Bastiat’s Malthusian theory of the growth of the state (1847)

Frédéric Bastiat

Found in Economic Harmonies (FEE ed.)

The French economist Frédéric Bastiat (1801-1850) believed that the state would continue to expand in size until it over-reached the ability or willingness of the taxpayers to fund it:

And yet the state, which, after all, is composed of men (although nowadays this is denied, at least by implication), obeys the universal tendency. It wants to serve us a great deal—more, indeed, than we desire—and to make us accept as real services what are often far from being such, and all this for the purpose of exacting some services from us in return in the form of taxes.

The state too is subject to the Malthusian law. It tends to expand in proportion to its means of existence and to live beyond its means, and these are, in the last analysis, nothing but the substance of the people. Woe to the people that cannot limit the sphere of action of the state! Freedom, private enterprise, wealth, happiness, independence, personal dignity, all vanish.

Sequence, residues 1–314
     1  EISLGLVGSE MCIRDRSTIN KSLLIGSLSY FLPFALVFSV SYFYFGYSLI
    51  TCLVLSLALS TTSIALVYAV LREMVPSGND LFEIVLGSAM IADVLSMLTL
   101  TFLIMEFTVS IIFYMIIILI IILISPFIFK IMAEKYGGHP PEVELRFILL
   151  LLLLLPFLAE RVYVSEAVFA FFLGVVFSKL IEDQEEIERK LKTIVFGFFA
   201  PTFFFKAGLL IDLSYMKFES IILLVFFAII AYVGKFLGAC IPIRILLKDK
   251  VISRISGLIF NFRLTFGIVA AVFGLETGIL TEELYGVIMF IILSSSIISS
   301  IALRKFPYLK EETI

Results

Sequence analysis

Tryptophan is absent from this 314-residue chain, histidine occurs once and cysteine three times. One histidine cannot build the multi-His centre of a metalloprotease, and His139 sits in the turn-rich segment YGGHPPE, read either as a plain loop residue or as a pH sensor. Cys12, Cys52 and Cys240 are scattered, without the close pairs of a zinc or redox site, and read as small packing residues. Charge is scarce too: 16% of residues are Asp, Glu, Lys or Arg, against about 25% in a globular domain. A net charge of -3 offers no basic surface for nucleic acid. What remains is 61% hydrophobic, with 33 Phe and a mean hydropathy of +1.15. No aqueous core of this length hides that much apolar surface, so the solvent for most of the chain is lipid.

Although Bastiat rejected the dire predictions made by Thomas Malthus about the inability of the economy to produce enough food to feed an ever expanding population, he did believe a Malthusian principle applied which limited the ability of the state to expand its size. In the two opening chapters which he inserted rather awkwardly at the beginning of the second series of the Economic Harmonies (published in Jan. 1848) he sketches his theory of plunder which he hoped to turn into a book. At each stage through which society passed - slavery, theocracy, monopoly, socialism - the state and the privileged elites which controlled it would increase its size, the taxes it extracted from the tax payers, and the number of vested interests it supported as exploiters and beneficiaries of privilege, until the people either could not or would not continue to pay for its upkeep. The state would then face a fiscal crisis, would have to contract in size to fit the means of existence it could extract from taxpayers, and then the entire process would begin again until another fiscal crisis was reached. Bastiat did not live long enough to write this book on the sociology of the state and the nature of plunder.